Eshan Denipitiya hails from a family of musicians. His grandfather was the late Patrick Denipitiya, who was a pioneer musician back in the good old days. In addition to being a well-known music director at the time, he also introduced the Hawaiian guitar to Sri Lanka.

Eshans’ father is music director Mahesh Denipitiya. Following the family tradition, Eshan Denipitiya is searching for his own voice in the industry, to take Sri Lankan music forward. His specialty involves fusing local traditional music with classical western music, on the piano.

So far his fusions have been well received. “If we are going to a world stage, what we have to offer them is our wannam and janagee. What I am doing is presenting these in a way that people would actually enjoy them. Sometimes, the raw nature may not appeal to the audience, but if it is offered in a familiar space, it would be more effective,” he opines.
He believes the market in Sri Lanka for classical music to be very narrow. This has been the main catalyst for Eshan to want to create fusions to bridge that gap. His fusions are influenced by musicians such as Yaani and Maxim. “I admire all genres. I think there is something very musical an artistic across all genres,” he says.

From his young days there has been music around him. “Our house has always been very musically happening. I had piano lessons when I was six years with the late Dharmi Mudalige. I gradually progressed to graded exams and so on. Currently, I am under Ruwini Hapugalle. I have been her student for more than 10 years,” he says.

In addition to piano, he plays drums as well. “That too I started when I was a child because it helped me with the coordination of both left and right hands. I still play drums but my main instrument is piano,” he reveals.

He won the Young Musician of the Year title in 2008 organized by the Institute of Western Music and Speech. “I was surprised when I won it. I was only 13 at the time and there were contestants much older than me,” he recalled. He has also done grade eight exams in the Associate Board of the Royal School of Music.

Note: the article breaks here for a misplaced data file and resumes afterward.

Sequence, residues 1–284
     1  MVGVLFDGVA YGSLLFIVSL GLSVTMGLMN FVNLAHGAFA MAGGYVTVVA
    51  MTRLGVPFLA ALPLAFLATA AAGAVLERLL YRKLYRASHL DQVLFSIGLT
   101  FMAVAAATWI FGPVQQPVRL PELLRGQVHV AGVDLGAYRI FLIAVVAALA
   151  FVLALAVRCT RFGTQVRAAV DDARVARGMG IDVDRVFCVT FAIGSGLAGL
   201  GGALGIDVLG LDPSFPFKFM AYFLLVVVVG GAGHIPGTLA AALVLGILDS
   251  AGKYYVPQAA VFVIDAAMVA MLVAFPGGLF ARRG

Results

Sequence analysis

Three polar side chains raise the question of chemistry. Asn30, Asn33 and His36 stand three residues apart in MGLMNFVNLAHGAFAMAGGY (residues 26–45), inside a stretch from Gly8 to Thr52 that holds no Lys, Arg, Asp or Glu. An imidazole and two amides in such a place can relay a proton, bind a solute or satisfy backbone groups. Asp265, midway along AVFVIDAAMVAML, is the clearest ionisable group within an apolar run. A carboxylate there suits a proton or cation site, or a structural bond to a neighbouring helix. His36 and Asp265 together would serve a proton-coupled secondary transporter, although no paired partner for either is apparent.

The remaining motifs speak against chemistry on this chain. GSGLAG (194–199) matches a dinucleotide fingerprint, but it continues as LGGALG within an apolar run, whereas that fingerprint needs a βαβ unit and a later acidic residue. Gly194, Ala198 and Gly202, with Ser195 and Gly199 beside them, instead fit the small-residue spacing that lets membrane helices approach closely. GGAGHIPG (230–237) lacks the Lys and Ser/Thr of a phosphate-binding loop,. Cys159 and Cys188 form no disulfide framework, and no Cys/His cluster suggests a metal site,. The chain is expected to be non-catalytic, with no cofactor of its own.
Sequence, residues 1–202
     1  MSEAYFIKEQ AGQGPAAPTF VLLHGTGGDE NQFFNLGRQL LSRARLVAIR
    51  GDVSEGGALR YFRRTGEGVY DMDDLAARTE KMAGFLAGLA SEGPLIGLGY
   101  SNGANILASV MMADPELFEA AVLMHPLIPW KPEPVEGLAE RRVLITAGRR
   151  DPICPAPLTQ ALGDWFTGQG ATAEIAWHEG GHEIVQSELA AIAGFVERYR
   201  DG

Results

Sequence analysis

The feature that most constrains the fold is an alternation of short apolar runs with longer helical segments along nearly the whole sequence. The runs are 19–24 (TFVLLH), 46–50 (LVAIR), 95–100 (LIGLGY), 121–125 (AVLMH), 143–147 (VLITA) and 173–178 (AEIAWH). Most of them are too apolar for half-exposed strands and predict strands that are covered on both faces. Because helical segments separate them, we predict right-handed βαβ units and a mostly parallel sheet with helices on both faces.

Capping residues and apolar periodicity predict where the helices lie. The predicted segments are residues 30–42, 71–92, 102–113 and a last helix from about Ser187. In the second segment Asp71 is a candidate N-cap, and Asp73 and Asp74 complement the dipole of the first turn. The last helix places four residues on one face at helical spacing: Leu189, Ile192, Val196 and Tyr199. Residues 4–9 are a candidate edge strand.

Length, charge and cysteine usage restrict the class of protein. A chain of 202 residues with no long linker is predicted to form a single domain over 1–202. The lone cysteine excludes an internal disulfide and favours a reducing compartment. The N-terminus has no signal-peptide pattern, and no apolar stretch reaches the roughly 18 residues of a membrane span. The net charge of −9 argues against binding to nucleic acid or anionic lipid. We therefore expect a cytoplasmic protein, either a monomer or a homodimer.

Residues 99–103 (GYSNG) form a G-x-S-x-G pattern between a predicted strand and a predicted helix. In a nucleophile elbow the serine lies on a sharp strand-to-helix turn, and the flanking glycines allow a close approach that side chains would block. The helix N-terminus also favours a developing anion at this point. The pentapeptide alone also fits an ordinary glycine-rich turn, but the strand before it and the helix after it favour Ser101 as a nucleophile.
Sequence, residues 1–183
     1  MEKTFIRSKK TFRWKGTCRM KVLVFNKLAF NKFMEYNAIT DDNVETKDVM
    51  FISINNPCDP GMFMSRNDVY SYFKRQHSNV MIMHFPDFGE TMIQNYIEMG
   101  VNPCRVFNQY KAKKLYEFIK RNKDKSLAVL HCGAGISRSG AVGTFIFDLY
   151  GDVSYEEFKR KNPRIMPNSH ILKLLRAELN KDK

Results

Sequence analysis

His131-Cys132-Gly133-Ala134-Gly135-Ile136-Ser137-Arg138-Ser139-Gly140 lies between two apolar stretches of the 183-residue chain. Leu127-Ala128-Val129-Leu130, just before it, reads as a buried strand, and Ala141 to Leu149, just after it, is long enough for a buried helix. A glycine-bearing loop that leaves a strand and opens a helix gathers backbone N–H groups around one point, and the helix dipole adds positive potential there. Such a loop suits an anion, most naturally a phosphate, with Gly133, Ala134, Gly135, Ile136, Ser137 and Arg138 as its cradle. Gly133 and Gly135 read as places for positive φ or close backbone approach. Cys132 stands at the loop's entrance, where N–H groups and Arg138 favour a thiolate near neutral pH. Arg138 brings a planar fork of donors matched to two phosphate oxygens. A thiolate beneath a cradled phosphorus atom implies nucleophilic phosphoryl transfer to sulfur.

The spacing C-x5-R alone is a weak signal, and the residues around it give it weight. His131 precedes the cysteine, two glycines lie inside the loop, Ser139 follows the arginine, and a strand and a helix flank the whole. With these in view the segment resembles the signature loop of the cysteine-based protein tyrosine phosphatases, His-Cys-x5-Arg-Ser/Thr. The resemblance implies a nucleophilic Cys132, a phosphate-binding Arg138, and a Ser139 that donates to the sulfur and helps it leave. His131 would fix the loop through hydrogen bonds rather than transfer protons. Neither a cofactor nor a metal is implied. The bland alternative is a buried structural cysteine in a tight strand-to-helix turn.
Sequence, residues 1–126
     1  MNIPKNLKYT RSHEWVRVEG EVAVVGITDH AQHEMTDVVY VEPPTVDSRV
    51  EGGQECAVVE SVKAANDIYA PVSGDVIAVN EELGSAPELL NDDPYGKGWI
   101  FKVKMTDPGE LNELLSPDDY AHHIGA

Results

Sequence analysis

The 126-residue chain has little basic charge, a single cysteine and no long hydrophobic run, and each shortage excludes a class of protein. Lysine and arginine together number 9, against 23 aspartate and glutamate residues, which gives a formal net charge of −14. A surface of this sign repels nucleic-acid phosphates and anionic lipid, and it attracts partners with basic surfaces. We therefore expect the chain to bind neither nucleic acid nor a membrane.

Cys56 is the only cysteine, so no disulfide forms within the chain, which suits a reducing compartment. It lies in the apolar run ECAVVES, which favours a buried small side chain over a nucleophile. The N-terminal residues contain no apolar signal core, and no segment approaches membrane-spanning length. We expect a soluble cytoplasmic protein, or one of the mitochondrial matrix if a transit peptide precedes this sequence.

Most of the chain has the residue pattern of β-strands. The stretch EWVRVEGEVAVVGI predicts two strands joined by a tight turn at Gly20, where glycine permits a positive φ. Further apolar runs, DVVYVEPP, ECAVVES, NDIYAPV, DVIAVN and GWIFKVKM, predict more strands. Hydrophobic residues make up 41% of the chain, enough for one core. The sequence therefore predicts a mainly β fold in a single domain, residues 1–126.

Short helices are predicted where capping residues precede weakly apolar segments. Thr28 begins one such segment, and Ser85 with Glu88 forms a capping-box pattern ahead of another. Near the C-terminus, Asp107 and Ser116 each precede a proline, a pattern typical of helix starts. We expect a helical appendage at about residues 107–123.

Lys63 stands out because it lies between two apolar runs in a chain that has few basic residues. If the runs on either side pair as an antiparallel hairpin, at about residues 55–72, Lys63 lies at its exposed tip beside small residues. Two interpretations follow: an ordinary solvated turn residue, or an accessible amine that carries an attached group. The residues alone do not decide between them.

In addition, he won the Trinity College London gold medal for achieving the highest marks in 2015.  At St Peter’s College in Colombo he was a prefect, leader of the western choir and oriental orchestra and the oriental choir.

“In my year, we won the all-island prize for all three sections, which was a big achievement. It was the first time we actually had an orchestra in the college. I was also a senior member of the hockey team and a senior member of the drama cast. In December 2013, we did a big production called A Christmas Wish, which was a musical. I was the assistant choral director. I was also the best all-round student of the year 2014,” said Eshan while sharing his boyhood exploits.

In 2009 he took part in the instrumental category of Sri Lankan Life with drummer Nupathi Nilambara. “We played fusion music, where we fused western classical music and Sri Lankan traditional music. There were moments where I would play Mozart’s Turkish march on the right hand and the Gajaga wannama on the left hand. When we won the competition in 2009, it was one of the biggest moments in my career,” he says
Currently, he is reading for his BA in music, classical music at Lasalle College of the Arts, Singapore. “I choose the classical specialization because I wanted to embed my classical foundation in my playing. It helps build your technique and other fundamentals necessary to be a good pianist as classical music gives you focus and goes right down to the smallest detail. For example, Mozart is subtle and delicate. You have to phrase the music well to articulate it properly”, he opines.

At College he won the inaugural Lasalle Piano Concerto Competition in 2016. “In this competition, everybody had to create their own cadenza,” he said.

“Cadenza is the passage inserted after a movement to show off the skill of the pianist, towards the end of the piece.  At College there was also a concert called piano voyage, game of tones, which was a Game of Thrones based competition.  For this concert also I created a fusion piece. Chopin’s revolutionary etude was fused with Gajapathi wannama. It was a 9/8 tune. I like this college because they let you improvise on classical music. This gives a chance for you to learn production, composition, theory and ensemble work.”
In the dell studio programme that goes on Derana, Eshan has collaborated with popular Sri Lankan artistes and arranged music for songs that already existed. Also, he has performed in Bathiya and Santhush concerts, Floreat in 2013 and BnS Studio Live in 2015. He has also performed with the local percussion ensemble NAADRO at the Raigam Tele Awards 2016.

Eshan will never hesitate to thank his family for all their support and being his strength, his teachers, lecturers at College for fine-tuning his talent and all his friends for all their support.
(Pics by Eshan Dassanayaka)